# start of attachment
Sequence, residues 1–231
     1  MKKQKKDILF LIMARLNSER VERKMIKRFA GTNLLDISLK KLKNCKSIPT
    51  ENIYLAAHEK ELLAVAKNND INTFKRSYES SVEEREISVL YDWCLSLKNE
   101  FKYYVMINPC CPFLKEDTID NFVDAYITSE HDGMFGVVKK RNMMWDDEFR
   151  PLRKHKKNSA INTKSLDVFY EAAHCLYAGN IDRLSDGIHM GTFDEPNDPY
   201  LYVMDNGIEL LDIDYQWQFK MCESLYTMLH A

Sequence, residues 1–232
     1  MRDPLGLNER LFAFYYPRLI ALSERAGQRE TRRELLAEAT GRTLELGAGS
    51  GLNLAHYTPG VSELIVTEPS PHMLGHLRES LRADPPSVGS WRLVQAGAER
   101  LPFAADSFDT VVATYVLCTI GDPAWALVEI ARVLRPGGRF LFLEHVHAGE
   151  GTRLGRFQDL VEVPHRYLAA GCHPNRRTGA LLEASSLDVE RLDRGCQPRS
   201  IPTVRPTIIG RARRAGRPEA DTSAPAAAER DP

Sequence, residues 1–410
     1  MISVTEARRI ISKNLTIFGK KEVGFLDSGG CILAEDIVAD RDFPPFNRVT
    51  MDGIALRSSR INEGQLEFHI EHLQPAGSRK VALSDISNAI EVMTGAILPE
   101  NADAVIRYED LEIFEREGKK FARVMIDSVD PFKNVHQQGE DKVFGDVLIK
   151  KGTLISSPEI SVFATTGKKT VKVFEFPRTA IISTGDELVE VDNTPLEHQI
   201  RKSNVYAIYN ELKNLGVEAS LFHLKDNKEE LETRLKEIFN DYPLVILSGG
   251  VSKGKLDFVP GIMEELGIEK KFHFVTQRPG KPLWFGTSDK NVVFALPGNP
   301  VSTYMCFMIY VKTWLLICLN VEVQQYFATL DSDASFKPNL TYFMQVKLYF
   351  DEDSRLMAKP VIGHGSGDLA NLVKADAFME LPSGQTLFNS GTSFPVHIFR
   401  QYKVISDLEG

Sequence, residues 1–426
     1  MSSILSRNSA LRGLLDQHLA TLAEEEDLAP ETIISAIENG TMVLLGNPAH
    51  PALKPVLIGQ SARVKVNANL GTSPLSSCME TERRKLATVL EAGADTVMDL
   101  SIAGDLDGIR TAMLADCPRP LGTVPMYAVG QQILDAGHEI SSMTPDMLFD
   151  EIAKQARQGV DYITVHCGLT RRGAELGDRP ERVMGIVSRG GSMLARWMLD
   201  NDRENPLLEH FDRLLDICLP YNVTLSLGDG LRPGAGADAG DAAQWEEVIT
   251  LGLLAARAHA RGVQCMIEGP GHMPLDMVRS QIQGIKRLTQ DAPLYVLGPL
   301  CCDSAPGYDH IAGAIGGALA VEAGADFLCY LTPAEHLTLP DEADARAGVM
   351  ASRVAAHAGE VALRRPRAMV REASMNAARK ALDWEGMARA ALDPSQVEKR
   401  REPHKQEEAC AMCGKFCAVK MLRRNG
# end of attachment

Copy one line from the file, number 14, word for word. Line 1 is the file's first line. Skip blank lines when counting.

     1  MISVTEARRI ISKNLTIFGK KEVGFLDSGG CILAEDIVAD RDFPPFNRVT